May 17, 2017

Scoop: Trump's plan to cut fossil-fuel, nuclear funding

Amy Harder, author of Generate

The Trump administration wants to cut the Energy Department's offices for nuclear power and fossil-fuel energy by 31% and 54%, respectively, according to a draft administration budget document viewed by Axios.

Why it matters: Top Trump administration officials have repeatedly said they back nuclear power and fossil fuels, in particular coal burned more cleanly with technology that captures and stores carbon underground instead of emitting it. These cuts show mismatch between the rhetoric and what they're willing to allocate.

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Data: Draft of Energy Department budget; Chart: Andrew Witherspoon / Axios

For the record: An Energy Department spokesperson didn't immediately respond to a request for comment.

What we're hearing: Some conservative groups say cutting funding for policies like cleaner-burning coal technologies would undercut Trump's promise to save the coal industry.

"It would be very difficult, especially on the carbon capture front, to keep some of the promises that the administration made to the coal community if it's not going very deep on innovation in this space," said Rich Powell, executive director of ClearPath Foundation, a conservative organization pushing cleaner energy technologies within the GOP.

To be sure: Congress is unlikely to grant these fiscal year 2018 requests for the nuclear power and fossil offices, given support for those areas spans partisan lines. But the numbers are nonetheless important for two reasons: 1) It shows how even policy areas the administration backs are at risk for cuts. 2) It puts a marker down for negotiations with Congress. The lower the starting point, the lower the ultimate numbers could well end up.

What's next: The Trump administration has said it will send its budget request for fiscal year 2018 to Congress next week. These proposed cuts are part of a broader effort across the administration to make deep reductions, including nearly 70% in the Energy Department's renewable energy office.

Go deeper

U.S. cities crackdown on protests against police brutality

Photo: Megan Jelinger/Anadolu Agency via Getty Images

Major U.S. cities have implemented curfews and called on National Guard to mobilize as thousands of protesters gather across the nation to continue protesting the death of George Floyd.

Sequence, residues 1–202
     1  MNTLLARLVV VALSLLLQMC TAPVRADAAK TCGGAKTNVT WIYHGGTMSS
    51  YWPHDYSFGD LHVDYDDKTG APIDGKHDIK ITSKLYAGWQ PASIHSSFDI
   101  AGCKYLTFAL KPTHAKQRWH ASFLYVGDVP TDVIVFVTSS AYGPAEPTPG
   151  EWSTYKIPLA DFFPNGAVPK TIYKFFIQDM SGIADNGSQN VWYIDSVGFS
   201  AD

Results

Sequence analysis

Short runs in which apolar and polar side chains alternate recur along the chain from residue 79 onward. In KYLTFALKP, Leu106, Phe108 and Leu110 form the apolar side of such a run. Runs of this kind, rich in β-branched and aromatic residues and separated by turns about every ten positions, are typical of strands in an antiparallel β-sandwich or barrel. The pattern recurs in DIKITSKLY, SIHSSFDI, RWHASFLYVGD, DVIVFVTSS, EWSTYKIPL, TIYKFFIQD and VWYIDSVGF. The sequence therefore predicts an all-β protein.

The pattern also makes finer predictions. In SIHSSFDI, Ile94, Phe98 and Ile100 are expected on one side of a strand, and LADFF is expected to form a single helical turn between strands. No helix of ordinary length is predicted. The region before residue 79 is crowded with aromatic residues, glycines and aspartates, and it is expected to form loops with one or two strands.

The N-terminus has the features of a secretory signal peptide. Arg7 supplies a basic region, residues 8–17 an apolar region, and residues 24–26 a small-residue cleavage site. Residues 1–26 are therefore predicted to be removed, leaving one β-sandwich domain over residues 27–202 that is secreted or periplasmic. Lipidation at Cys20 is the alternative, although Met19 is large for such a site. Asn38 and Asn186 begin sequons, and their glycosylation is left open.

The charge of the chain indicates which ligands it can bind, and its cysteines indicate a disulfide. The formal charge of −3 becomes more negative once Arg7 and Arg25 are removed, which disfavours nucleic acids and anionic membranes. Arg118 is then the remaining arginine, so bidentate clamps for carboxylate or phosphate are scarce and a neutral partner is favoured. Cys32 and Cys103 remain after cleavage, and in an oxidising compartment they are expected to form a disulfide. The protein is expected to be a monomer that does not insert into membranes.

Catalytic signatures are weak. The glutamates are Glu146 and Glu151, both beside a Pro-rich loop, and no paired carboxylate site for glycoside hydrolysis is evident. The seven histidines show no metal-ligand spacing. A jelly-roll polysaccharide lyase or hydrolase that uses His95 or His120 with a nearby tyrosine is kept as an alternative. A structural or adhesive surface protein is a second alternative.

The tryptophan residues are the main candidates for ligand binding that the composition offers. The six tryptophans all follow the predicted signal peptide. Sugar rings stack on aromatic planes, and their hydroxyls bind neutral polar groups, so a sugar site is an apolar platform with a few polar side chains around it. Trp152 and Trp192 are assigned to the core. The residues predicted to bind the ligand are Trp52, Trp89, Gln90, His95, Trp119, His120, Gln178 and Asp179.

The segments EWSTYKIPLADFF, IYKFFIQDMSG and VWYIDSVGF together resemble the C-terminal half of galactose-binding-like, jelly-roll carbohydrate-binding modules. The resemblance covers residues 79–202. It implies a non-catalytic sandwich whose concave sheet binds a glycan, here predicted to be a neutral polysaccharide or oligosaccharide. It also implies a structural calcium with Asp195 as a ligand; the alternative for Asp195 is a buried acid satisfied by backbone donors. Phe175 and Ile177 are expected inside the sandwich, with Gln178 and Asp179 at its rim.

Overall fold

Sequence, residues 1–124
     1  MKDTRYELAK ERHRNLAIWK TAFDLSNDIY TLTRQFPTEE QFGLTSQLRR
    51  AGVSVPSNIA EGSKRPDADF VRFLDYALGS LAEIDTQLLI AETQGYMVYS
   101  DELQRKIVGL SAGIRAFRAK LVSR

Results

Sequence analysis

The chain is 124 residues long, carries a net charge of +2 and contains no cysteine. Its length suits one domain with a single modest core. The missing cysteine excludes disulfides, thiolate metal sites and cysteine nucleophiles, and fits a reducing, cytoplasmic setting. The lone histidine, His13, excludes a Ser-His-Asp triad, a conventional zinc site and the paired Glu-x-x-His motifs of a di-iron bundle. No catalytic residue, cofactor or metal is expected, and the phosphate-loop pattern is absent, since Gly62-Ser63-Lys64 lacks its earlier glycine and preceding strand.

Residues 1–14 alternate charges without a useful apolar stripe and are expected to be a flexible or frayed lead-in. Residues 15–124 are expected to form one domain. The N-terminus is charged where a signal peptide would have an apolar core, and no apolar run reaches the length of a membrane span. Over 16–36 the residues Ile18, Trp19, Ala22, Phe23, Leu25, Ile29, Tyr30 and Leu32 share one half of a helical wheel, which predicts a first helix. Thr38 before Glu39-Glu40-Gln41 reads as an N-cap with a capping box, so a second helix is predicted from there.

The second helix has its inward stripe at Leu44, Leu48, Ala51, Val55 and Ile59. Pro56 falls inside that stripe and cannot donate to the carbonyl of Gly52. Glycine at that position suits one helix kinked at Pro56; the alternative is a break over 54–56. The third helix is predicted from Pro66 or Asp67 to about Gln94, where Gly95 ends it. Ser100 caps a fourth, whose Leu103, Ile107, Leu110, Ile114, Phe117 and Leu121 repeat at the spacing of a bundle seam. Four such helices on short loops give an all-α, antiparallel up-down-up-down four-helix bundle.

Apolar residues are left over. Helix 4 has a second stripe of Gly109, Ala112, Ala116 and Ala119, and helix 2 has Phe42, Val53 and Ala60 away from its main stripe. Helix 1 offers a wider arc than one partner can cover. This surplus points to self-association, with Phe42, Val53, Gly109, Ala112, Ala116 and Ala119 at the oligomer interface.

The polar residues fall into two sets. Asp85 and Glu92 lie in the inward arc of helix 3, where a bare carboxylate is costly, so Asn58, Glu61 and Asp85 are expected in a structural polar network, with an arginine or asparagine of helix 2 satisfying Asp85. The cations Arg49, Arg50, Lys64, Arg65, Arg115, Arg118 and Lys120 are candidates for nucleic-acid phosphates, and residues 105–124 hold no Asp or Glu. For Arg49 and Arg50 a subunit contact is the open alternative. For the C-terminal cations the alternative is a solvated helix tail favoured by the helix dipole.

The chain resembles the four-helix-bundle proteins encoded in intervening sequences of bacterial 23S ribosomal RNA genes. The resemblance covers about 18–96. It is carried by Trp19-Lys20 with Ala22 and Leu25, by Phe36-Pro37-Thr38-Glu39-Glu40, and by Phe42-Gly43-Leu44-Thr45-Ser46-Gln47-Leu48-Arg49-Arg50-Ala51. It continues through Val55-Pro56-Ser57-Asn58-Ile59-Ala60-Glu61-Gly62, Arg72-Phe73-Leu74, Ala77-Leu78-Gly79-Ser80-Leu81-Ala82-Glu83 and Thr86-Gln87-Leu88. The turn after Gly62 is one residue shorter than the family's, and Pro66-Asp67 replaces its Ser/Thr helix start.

The state of play: Hundreds have already been arrested as tensions continue to rise between protesters and local governments. Protesters are setting police cars on fire as freeways remain blocked and windows are shattered, per the Washington Post. Law enforcement officials are using tear gas and rubber bullets to try to disperse crowds and send protesters home.

Trump to invite Russia and other non-member G7 countries to summit

President Trump at Cape Canaveral, Florida, on Saturday. Photo: Saul Martinez/Getty Images

President Trump told reporters on Saturday evening he would postpone the G7 summit to September and expand the meeting to more nations that are not members of the Group of 7.

Details: Trump said he would invite Russia, South Korea, Australia and India to the summit, according to a pool report. "I don’t feel that as a G7 it properly represents what’s going on in the world. It’s a very outdated group of countries," he said.

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George Floyd protests: What you need to know

Thousands of protesters march in Denver, Colorado, on May 30. Photo: Michael Ciaglo/Getty Images)

Curfews are being imposed in Portland, Oregon, and Cincinnati, while the governors of Georgia, Kentucky, Ohio and Texas activated the National Guard following unrest in the states, per AP.

The big picture: Floyd's fatal run-in with police is the latest reminder of the disparities between black and white communities in the U.S. and comes as African Americans grapple with higher death rates from the coronavirus and higher unemployment from trying to stem its spread.